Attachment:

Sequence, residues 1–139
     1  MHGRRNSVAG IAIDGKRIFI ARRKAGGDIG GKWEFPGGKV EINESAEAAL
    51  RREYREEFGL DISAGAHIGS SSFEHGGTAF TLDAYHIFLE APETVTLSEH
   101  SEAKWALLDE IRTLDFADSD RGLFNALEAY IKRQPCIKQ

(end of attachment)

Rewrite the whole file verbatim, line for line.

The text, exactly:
Sequence, residues 1–139
     1  MHGRRNSVAG IAIDGKRIFI ARRKAGGDIG GKWEFPGGKV EINESAEAAL
    51  RREYREEFGL DISAGAHIGS SSFEHGGTAF TLDAYHIFLE APETVTLSEH
   101  SEAKWALLDE IRTLDFADSD RGLFNALEAY IKRQPCIKQ